Original Description (Tiliqua schlegelii). “This species does not differ in general habit from the other Tiliquae. Its snout is of moderate extent, and not produced. The series of shields covering the upper surface of the head is as follows:-1, the rostral shield is rounded 2, the anterior frontal is single, subquadrangular, broader than long 3, a pair of posterior frontals, which are not in contact with each other; 4, the vertical shield is quadrangular, with the anterior angle obtuse and the posterior very acute, and with the two anterior sides much shorter than the two posterior ones; the shield reaches backwards to the level of the pupil. 5. There are five superciliary shields on each side of the vertical 6, five occipital shields, viz. an anterior pair, a single central one, and a posterior pair the anterior pair form a suture with the vertical, separating it from the central occipital. The latter is quadrangular, similar in form to the vertical, but much shorter, so that the anterior pair of its sides are not much longer than the posterior. The anterior pair of the occipitals form together with the central shield a perfect square. The posterior pair is obliquely situated, subelliptical in form, and larger than any of the other occipitals the inner side of those shields is in contact with an anterior and with the central occipital. The nostril is in a single shield between the first labial and the anterior frontal; there are three shields between nostril and eye, covering the loreal region. Seven upper labials, the fifth of which is the largest, and extending upwards to the eyelid. The posterior part of the orbit is formed by three small shields, behind which are some large temporals. The median lower labial is broader than long, truncated posteriorly, forming a straight transverse suture with another single broad shield situated immediately behind the median labial. There are five narrow lower labials, with an interior series of five other much larger shields the remainder of the throat is covered with scales like the belly. The opening of the ear is small, round, and deep.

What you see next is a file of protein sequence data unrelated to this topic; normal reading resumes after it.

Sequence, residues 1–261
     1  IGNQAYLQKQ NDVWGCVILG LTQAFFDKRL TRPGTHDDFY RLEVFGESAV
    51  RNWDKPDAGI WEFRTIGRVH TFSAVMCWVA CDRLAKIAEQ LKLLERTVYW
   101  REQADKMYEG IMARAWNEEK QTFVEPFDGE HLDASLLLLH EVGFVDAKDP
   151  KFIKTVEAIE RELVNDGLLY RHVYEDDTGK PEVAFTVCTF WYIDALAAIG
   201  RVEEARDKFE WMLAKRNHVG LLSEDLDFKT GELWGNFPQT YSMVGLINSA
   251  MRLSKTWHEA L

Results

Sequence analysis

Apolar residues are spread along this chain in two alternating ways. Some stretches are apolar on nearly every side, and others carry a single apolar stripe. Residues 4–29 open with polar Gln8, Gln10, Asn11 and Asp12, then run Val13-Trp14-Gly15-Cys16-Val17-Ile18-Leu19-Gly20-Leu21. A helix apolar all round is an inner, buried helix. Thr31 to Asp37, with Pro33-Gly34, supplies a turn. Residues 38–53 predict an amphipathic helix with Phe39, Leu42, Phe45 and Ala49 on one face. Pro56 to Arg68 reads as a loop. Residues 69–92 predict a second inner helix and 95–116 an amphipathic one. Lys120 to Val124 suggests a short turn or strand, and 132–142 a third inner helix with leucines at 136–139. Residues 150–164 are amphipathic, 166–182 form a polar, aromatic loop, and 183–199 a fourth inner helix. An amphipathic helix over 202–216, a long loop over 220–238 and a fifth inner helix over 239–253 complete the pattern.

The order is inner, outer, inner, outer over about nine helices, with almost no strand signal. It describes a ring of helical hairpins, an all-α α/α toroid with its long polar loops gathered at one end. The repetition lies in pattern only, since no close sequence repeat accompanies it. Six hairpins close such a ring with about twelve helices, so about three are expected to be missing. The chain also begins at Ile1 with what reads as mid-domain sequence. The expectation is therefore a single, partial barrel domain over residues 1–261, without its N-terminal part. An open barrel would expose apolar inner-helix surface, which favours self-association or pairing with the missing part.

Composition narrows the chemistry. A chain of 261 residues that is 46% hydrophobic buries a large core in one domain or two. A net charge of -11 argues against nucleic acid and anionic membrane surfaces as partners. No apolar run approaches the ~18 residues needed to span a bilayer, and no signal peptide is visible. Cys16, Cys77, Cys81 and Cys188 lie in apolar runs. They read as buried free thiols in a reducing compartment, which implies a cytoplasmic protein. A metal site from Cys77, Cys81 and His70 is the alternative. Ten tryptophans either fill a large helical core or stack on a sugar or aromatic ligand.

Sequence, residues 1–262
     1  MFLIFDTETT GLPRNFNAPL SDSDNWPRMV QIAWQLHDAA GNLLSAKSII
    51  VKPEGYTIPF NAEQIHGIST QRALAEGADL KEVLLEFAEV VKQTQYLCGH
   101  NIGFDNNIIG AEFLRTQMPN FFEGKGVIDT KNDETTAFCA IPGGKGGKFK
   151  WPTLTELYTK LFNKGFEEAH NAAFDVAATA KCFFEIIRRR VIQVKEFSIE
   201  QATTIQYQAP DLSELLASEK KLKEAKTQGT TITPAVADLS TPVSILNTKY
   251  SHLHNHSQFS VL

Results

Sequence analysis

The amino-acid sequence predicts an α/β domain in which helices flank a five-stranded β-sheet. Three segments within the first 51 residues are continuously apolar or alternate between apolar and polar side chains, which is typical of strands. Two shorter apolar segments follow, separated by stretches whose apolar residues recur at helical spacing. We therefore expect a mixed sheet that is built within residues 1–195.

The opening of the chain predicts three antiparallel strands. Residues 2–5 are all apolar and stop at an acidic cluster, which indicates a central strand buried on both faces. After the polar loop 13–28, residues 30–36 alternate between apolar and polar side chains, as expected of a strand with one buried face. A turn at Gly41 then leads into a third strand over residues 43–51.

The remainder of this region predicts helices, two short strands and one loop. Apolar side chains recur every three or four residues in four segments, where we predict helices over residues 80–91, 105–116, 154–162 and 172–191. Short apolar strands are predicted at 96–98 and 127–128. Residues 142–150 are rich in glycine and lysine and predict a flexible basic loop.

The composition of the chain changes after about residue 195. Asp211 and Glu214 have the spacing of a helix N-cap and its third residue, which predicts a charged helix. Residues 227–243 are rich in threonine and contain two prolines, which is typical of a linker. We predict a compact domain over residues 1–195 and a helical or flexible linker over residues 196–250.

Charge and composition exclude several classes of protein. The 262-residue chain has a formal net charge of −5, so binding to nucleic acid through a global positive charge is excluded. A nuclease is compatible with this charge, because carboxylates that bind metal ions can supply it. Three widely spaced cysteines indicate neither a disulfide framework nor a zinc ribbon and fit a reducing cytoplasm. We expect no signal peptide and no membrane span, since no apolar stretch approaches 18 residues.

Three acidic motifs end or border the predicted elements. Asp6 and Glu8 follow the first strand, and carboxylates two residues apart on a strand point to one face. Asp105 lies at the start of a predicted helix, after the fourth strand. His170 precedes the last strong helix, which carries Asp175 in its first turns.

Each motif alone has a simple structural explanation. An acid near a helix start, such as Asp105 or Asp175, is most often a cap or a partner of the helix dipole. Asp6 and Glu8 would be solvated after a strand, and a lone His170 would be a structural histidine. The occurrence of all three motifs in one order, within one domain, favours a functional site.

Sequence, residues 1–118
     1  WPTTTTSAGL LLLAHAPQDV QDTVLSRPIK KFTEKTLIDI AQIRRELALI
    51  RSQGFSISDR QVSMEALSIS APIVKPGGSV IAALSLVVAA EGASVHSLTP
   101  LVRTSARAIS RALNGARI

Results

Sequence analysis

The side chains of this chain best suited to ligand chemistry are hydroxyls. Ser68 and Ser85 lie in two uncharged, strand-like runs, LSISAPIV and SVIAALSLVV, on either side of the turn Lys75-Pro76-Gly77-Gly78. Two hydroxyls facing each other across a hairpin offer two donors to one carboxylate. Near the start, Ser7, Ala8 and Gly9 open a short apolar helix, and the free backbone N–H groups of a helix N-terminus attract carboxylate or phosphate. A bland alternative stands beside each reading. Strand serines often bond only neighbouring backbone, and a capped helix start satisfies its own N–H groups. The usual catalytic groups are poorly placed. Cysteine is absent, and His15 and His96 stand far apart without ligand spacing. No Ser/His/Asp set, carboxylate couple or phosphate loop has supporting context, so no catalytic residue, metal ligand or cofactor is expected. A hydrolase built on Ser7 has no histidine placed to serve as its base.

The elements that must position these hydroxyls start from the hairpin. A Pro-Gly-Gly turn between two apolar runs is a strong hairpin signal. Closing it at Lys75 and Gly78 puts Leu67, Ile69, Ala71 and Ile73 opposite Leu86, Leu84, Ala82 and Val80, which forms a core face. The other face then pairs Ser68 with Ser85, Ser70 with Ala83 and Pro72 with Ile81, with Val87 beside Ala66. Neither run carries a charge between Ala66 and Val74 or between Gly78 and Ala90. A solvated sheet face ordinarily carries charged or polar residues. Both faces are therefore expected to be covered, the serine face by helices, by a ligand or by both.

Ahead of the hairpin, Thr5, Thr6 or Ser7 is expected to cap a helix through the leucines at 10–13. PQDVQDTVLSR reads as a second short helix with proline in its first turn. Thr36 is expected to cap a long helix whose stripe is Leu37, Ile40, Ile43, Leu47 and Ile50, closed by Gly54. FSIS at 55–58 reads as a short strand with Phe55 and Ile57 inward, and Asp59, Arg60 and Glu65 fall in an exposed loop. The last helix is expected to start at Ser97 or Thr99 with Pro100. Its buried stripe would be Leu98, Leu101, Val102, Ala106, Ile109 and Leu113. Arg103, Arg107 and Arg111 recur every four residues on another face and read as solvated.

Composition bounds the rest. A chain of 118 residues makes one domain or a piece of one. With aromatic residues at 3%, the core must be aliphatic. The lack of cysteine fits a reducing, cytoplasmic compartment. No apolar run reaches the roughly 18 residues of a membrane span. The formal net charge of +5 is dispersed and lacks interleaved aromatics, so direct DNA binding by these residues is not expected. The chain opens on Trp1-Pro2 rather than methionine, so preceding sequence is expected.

The scales are finely striated, without keels, and rather large on the back, whilst those on the belly are of moderate size, and those on the sides rather small. I count in the middle of the trunk five longitudinal series on the back, seven on each side, and six on the belly SO that that part of the body is surrounded by twenty-five series. There are four pranal shields, the middle pair being considerably the largest. The greater portion of the tail is broken off; a band of broad shields begins to cover its lower side at a short distance from its origin the tail is surrounded by eight series of scales, which exhibit no keel whatever. The tail itself is rounded, not compressed, and tapering.
The extremities are covered with scales similar to those of the body; the fore extremity reaches to the anterior margin of the eye, if laid forwards; the third and fourth fingers are the longest, and nearly equal then follow the second, the fifth and the first. The length of the hinder extremity is rather more than one-half that of the trunk; the fourth toe is the longest; the third and fifth are equal in length, and the first is shorter than the second. All the fingers and toes are slightly compressed and well armed with claws. The upper parts are uniform black, the lower ones blackish. Palatine teeth none.” (GÜNTHER 1860: 153) 
Comment“Several authors (Jerdon, 1870; Anderson, 1871; Blanford, 1878) have questioned the separation of "sikkimense" and "himalayanum", but only few (Gruber, 1981) have questioned the separation of "himalayanum" and "ladacense". Using the old key characters (number of scales around midbody and colour), this is easy to understand, since sikimmensis and l. himalayana are quite similar in coloration and there is a gradual increase in scale numbers between Sikkim and NW India. [...] Actually the three Himalayan taxa form a cline, in which the far ends, ladacensis and sikimmensis, are distinctly different [...] The conclusion is that himalayana more resembles ladacensis than sikimmensis and should be regarded as conspecific with ladacensis” (Ouboter 1986: 27-29).

Distribution: (apparently) erroneously reported from India (Gujarat). 
EtymologyNamed after the type locality. Note that the original spelling is “sikimmensis”.